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Peripheral Neuropathy

A 32-year-old man living along the coast of Massachusetts presents with an acutely evolving left facial weakness. Although he has no facial pain or numbness, he does have a diffuse headache. He has no history of diabetes mellitus or other systemic illnesses, but he does report newly appearing joint pains and a transient rash on his right leg that cleared spontaneously more than 1 month prior to the appearance of the facial weakness. On examination, he has mild neck stiffness and pain on hip flexion of the extended leg. This man is at highest risk for which of the following causes of a unilateral facial weakness?

a. Human immunodeficiency virus (HIV)-associated neuropathy

b. Lyme neuropathy

c. Diphtheritic polyneuropathy

d. Tuberculous meningitis

e. Schwannoma

The answer is b. The clinical scenario presented is most consistent with a neuropathy of Lyme disease, the infection caused by Borrelia burgdorferi. This spirochetal infection is tick-borne and is endemic in the area where this patient lives. The rash on his leg was most likely erythema chronicum migrans, a target-shaped lesion that enlarges as the central area returns to normal. His complaints and examination suggest a chronic meningitis preceded by an arthralgia, a common neurological scenario with Lyme disease. Facial weakness may be the only neurological sign of Lyme disease. The neurological deficits usually appear weeks after the initial rash. Untreated neurological disease may persist for months. Optic neuritis may also appear in association with the chronic meningitis of Lyme disease. A schwannoma may develop on the seventh cranial nerve, but it would produce unilateral facial weakness followed by signs of brainstem compression. The cranial nerve dysfunctions associated with the early stages of diphtheritic polyneuropathy are a consequence of a toxin released by the infectious agent. Tuberculous meningitis may produce several different cranial nerve deficits. With HIV infection, a peripheral neuropathy may develop, but it typically affects the limb nerves, not the facial nerve.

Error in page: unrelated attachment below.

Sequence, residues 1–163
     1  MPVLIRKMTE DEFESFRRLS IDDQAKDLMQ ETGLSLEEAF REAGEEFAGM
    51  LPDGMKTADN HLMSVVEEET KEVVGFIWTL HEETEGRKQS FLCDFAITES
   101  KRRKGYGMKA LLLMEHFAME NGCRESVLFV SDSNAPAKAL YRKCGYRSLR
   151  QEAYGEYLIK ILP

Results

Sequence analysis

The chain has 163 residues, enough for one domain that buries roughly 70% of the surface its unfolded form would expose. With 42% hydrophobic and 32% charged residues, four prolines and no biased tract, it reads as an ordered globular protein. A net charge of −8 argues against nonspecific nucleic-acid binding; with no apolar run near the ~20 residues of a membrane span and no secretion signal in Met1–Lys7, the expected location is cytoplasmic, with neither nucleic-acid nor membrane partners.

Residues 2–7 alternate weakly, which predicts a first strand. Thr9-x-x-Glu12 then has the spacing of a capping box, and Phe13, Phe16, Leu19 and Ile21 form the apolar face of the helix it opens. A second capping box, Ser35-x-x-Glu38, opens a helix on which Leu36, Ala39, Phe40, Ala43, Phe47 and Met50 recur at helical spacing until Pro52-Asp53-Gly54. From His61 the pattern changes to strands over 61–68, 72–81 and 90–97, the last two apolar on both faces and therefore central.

A 62-year-old man is being treated for tuberculous meningitis with isoniazid and rifampin. To avoid additional signs of neuropathy, which of the following agents should be administered along with these antibiotics?

a. Ceftriaxone

b. Thiamine

c. Erythromycin

d. Vitamin B12

e. Pyridoxine

The answer is e. These antituberculous drugs should be supplemented with pyridoxine to avoid a relative pyridoxine deficiency elicited by the isoniazid. The peripheral neuropathy evoked by the antituberculous agent will appear initially as disturbed sensation in the distal ...

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